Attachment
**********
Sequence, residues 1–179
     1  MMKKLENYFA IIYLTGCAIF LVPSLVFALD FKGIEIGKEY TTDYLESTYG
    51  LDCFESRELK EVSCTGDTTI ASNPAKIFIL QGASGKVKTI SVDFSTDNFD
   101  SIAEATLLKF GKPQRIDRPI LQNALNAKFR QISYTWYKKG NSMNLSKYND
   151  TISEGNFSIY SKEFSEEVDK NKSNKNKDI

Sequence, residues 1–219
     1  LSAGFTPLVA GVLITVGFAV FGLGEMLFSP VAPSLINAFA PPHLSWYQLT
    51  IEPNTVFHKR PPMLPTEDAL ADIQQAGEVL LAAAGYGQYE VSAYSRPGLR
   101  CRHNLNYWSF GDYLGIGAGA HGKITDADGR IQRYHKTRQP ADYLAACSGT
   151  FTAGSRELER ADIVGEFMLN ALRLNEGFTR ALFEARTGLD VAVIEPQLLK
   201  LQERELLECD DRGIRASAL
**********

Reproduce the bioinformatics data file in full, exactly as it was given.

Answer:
Sequence, residues 1–179
     1  MMKKLENYFA IIYLTGCAIF LVPSLVFALD FKGIEIGKEY TTDYLESTYG
    51  LDCFESRELK EVSCTGDTTI ASNPAKIFIL QGASGKVKTI SVDFSTDNFD
   101  SIAEATLLKF GKPQRIDRPI LQNALNAKFR QISYTWYKKG NSMNLSKYND
   151  TISEGNFSIY SKEFSEEVDK NKSNKNKDI

Sequence, residues 1–219
     1  LSAGFTPLVA GVLITVGFAV FGLGEMLFSP VAPSLINAFA PPHLSWYQLT
    51  IEPNTVFHKR PPMLPTEDAL ADIQQAGEVL LAAAGYGQYE VSAYSRPGLR
   101  CRHNLNYWSF GDYLGIGAGA HGKITDADGR IQRYHKTRQP ADYLAACSGT
   151  FTAGSRELER ADIVGEFMLN ALRLNEGFTR ALFEARTGLD VAVIEPQLLK
   201  LQERELLECD DRGIRASAL